And after questioning, pondering, evaluating and praying, I am happy and honored to carry and keep the vision of my pastor. I support my leaders.

Thursday, May 8, 2008

Last night I was cutting the hair of my friend Robyn's 4-year-old daughter. "Miss Jill, do you have children?" Leeann asked.

"No, I don't. And probably not for a few more years," was my response.

"But if you just pray to God, like Sarah and Hannah did, God will give you a baby."

I love the innocent thoughts of a child! I love Leeann's reminder of these women who sought God and were blessed with sons. Each weekend I see mother after mother who are raising children (some sought and prayed for, others a surprise that brought on prayer) and doing everything they can to bring their children up to be godly men and women. I so admire what these mothers do. So in honor of Mother's Day, I'd like to give a little shout-out to some moms in our church.

Molly Nemecek and her husband Jeff are raising three boys. That in itself deserves a round of applause! This week it was precious to watch the boys in their matching blue-camo fleece jackets. While I'm know there are times when Molly is exhausted by the energy, challenges, and tears of three boys under the age of 4, she still has a beautiful joy in loving her boys, and seeks with all her heart to see them become strong men who can be leaders in their families and the world.

Heidi Jensen blesses me each week with sweet encouragement. All the while, she and her husband have raised one of the fifth grade boys that I will HUGELY miss when he moves on to middle school. She has raised Halden to be respectful, polite, and a genuine servant. I don't blame Heidi at all for the tears that spring when she talks about her son growing up.

Erin Chung has brought her children to church on an average of 3.5 times a month! She has her three (6th grade, kindergarten, and 3-years-old) put together and in the building on time on a regular basis. Her kids are eager to enter their classes and excited to learn. It is a blessing to see the way she and her husband lead their family.

Wendy Rogers brings her boys faithfully as well. Her preschool and elementary aged sons have a joy and enthusiasm as they walk through the doors of their classes--completed take-home sheets in hand and memory verses ready to be recited. Once getting her kids in place, she greets and checks in the rest of our first-service elementary boys and girls.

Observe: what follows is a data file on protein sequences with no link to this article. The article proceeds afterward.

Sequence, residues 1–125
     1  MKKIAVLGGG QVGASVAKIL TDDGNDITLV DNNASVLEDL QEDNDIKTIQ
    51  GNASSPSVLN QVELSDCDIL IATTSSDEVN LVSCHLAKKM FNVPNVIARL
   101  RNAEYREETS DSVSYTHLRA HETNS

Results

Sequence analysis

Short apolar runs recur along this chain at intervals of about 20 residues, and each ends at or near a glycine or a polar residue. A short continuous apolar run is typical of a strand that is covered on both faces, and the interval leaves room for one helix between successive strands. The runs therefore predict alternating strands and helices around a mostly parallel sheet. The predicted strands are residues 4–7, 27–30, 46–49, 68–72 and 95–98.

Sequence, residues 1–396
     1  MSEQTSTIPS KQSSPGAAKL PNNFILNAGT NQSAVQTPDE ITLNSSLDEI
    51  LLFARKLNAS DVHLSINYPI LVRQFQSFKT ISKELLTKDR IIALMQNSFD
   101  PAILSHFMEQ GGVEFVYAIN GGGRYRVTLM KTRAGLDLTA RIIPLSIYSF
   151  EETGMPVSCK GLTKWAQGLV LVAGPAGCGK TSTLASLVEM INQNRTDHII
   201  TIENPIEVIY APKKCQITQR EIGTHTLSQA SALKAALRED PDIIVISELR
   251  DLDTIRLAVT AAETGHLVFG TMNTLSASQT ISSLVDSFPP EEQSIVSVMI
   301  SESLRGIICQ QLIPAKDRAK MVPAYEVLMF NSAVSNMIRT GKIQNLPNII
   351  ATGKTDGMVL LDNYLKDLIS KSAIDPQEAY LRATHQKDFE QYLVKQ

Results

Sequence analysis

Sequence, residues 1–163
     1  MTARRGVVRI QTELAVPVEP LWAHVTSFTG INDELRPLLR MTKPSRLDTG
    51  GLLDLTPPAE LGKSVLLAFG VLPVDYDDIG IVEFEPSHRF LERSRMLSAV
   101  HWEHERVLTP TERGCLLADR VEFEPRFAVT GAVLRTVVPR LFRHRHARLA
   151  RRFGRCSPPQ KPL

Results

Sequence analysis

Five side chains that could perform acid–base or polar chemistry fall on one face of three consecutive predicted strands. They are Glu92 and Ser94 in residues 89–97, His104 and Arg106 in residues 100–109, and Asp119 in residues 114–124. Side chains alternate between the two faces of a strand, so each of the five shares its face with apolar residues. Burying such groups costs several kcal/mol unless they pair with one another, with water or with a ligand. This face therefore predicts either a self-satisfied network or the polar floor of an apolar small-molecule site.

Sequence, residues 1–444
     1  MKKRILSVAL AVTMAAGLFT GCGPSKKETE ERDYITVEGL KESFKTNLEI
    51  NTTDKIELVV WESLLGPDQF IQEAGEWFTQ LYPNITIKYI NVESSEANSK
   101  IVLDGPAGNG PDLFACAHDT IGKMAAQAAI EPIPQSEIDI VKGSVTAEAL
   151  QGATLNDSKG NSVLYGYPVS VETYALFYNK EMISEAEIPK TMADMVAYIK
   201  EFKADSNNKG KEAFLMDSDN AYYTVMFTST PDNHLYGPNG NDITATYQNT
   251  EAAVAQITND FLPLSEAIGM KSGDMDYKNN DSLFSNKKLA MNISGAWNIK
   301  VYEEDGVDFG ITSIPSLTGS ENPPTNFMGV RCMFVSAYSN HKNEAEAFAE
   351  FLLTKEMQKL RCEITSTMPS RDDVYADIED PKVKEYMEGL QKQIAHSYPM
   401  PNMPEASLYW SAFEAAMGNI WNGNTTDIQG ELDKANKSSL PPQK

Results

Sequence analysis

These women are just a few of the many, many women I am honored and privileged to serve. I am thankful for them and hope that when I am blessed with my own children, I can be the kind of mom these women are--honest mothers who have their own struggles, but are blessing God in the way they parent their children.

Thursday, April 24, 2008

Don't Forget the Heart

Amy and I are blessed to be staying in Linda's home while we're at the Conspire Conference. Being here is a gift. Not only is staying here part of what made it possible for us to attend this year, but it's also shown me so much about what to look at when I walk through the doors of Willow Creek, or any church for that matter. Linda moved here (to Illinois) eleven years ago when her granddaughter was born. Her daughter is on staff with Promiseland, and Linda has a small position in the ministry as well. She also volunteers as a small group leader, and takes people on tours of the church.
When Amy and I arrived at her home late Tuesday night, we were greeted with hugs and love. The next morning we were served a beautiful breakfast of cheerios, sliced strawberries, Pennsylvania Dutch cake, and coffee. As we told her about how we were looking forward to seeing Jared and Roni's reactions to the church, as well as the excitment over meeting some of our heroes in ministry, Linda was quick to tell us about what really matters--the heart. "It's not about the big building, or our programs. It's about what God is doing in people at Willow, and about how He works in people's hearts."
Then, during one of the breaks at the conference, I took Jared and Roni to meet our sweet hostess. Once again, she talked about what's so important is the heart. To recognize that it's not about the size or the number of people, but what God is doing in people.
So I started looking at the heart. I've always been impressed by the number of volunteers who give of their time to make the church work. But now it wasn't just how many of the them were around--it was the smile on their faces as you walked by. It was their eagerness to point you toward the closest restroom. It was the guy handing out candy to people as they waited in line to purchase books. It was the lady taking coffee orders and making a point to give you a genuine smile and eye contact. It was the couple we ate dinner with--the wife who came to know the Lord through a ministry of Willow, and now takes every chance she gets to tell her non-believeing friends about Jesus. None of these people are paid for what they're doing. None of them have incomes dependent on their friendliness or desire to help. Instead, they have beautiful hearts and a passoin to serve God and His people.
Linda has blessed me with more than a bed to sleep in. She's reminded me to look at the heart behind the people of a church.

I'm Conspiring...